And we will have to get dressed to come to church, no matter which one it is. No more lounging around while you watch a service on U Tube. Our voices will be rusty because we haven’t sung together in many months. And there will be empty spaces in the chairs, and those souls will be deeply missed. And there will be new faces; people who joined on the internet, and found that they liked this idea of worship. And they will be welcomed into the family.
In March 2020, there came a day when the world seemed to stop. We were confined, life seemed suspended, we talked about when we would get “back to normal.” Now we talk about “the new normal”. Friends, there is no “normal”. There is only the exciting adventure of being the people of God. Over the past year and a half, I have worked with several churches, filling in for worship when asked, providing pastoral care, much of it over the phone, trying to stay connected with colleagues.
And I have seen with joy and amazement how churches and other places of worship have used their creativity, their faith, their determination and their buildings to keep God’s presence alive in the hearts of the people.
Worship has changed, of course, and it has been a real challenge to adjust, experiment, learn new technology, and trust that God was going along with the programme. But just think about all the wonderful things that have gone on at Northwood. I don’t think God has been lonely. As I sit here today, recording this service, I look out on a sanctuary that has been transformed as the church continues to serve the community. The chairs have been moved to the back, so that the Thrift Shop could be set up. The room is filled with clothing and household goods that are being made available to the people of this area. This is part of your faith.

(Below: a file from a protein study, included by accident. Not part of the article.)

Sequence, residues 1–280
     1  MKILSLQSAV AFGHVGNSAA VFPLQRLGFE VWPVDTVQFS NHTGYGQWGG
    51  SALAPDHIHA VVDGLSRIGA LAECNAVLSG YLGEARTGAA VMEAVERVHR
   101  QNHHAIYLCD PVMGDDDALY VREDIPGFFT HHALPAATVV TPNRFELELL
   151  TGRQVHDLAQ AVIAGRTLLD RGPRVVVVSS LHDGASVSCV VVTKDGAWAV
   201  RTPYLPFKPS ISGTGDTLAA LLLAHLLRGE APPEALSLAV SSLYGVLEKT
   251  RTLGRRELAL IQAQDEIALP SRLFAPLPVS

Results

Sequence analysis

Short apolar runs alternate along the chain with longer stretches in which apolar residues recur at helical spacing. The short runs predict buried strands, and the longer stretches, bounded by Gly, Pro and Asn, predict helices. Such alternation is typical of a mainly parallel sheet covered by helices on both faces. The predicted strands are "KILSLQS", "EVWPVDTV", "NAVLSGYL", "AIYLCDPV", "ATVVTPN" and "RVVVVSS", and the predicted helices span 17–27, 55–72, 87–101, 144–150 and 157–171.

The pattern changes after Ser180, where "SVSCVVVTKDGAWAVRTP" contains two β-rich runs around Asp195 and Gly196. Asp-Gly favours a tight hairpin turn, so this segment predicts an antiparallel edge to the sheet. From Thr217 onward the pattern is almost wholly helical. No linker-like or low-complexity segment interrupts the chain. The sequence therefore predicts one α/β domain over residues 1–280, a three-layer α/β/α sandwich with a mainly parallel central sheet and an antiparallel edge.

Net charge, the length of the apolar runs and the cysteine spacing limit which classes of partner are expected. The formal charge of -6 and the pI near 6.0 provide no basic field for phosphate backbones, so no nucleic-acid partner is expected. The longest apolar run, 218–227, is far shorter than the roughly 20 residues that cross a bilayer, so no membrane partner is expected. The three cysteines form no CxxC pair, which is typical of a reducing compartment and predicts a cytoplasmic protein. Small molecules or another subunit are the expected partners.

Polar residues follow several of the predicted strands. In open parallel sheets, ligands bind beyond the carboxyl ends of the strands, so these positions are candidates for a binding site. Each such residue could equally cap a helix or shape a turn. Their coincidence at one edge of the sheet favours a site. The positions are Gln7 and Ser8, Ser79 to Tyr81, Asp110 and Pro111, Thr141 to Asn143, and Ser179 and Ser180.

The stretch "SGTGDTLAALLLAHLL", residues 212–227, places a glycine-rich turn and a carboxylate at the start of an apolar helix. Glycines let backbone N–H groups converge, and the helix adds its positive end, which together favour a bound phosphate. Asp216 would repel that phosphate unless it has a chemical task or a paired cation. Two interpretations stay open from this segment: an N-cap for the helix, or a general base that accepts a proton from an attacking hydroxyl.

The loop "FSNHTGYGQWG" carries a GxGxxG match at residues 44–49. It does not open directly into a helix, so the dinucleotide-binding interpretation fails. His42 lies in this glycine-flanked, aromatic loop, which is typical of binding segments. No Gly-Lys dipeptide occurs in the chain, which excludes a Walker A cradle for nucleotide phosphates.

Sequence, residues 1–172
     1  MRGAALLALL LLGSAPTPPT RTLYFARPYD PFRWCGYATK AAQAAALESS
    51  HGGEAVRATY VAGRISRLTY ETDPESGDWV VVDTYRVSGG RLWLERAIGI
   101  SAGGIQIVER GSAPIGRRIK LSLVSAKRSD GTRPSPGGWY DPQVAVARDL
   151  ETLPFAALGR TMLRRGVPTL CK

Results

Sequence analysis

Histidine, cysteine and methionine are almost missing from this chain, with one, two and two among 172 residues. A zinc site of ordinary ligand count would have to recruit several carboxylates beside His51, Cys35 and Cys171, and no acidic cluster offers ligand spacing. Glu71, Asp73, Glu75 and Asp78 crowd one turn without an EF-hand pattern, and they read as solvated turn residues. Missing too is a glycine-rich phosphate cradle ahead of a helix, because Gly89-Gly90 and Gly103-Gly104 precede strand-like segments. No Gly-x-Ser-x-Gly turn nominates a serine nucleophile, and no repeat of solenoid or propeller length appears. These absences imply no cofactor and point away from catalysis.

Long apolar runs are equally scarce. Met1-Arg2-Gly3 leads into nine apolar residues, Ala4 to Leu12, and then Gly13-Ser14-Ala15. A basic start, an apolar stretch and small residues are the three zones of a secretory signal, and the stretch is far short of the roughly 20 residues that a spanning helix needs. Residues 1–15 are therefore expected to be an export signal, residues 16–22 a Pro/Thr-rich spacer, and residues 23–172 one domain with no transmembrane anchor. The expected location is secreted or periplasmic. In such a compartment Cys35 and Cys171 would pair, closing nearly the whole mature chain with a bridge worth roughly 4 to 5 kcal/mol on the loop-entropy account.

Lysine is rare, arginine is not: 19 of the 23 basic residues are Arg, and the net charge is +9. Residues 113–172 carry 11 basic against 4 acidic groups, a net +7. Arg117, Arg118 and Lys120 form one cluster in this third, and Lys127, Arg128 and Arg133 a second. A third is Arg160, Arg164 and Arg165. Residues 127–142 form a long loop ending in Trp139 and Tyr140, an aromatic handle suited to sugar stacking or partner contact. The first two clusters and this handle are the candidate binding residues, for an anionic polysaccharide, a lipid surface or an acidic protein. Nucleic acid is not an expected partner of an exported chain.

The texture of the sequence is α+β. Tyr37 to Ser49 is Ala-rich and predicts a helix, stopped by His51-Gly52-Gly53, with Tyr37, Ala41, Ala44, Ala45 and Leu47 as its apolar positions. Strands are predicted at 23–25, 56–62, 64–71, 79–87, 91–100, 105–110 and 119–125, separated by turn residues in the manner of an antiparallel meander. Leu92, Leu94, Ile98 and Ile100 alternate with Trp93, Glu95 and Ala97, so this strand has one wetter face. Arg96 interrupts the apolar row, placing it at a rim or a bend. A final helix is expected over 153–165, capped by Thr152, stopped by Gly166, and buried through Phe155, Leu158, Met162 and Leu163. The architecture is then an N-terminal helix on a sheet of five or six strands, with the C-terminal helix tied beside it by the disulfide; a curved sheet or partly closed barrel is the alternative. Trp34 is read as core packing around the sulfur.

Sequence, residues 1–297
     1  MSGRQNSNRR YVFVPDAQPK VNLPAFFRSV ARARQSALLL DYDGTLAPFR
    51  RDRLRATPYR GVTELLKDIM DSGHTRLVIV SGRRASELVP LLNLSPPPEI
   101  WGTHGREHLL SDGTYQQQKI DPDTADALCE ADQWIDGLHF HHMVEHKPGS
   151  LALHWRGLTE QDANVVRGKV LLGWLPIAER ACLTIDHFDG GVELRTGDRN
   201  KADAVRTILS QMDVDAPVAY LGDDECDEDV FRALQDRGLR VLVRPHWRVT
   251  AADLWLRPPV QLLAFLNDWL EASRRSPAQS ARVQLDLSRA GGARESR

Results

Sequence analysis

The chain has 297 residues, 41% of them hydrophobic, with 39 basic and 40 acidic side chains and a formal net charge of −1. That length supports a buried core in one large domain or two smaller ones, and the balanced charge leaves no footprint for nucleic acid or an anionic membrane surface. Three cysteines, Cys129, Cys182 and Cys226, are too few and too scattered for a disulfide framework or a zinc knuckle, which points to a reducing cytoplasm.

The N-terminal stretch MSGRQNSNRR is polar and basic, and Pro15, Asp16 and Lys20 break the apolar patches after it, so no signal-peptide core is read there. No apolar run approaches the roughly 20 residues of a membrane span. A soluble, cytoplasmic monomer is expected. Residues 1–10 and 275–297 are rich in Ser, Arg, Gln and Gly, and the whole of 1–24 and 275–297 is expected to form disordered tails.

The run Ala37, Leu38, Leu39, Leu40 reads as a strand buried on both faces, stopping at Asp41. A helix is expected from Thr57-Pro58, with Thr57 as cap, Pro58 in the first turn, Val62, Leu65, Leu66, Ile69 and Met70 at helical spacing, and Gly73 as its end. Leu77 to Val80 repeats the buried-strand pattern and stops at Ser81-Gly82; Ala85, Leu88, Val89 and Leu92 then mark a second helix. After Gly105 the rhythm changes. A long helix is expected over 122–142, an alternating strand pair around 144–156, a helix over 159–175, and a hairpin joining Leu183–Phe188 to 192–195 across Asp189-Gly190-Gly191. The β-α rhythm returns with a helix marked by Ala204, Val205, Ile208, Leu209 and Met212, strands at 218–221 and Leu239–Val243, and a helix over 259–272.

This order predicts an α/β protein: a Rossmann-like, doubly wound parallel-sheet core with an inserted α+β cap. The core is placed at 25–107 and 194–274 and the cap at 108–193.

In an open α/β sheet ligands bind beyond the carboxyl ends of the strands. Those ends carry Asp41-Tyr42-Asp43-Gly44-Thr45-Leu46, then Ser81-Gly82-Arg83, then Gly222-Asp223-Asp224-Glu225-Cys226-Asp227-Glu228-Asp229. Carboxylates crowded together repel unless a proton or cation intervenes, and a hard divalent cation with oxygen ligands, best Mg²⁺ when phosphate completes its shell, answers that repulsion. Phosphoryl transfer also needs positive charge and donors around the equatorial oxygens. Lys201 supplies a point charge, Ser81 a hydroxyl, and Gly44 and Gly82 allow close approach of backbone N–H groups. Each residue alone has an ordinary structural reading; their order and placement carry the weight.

Office procedures have been adjusted, but there is still a welcoming presence in this building. All the United Churches I have been in have strict rules for handwashing, wearing masks and social distancing. These practices are done out of love and concern for the health of others. This is part of our faith. The worship services moved to the internet. There is music, sometimes you have a virtual choir with the Langley church, there are wonderful visual slides, there are people from the congregation on the screen, doing readings and sometimes other parts of the service. You feel connected, in a special way. These are your friends, companions on the way, people you love, right there on Sunday morning.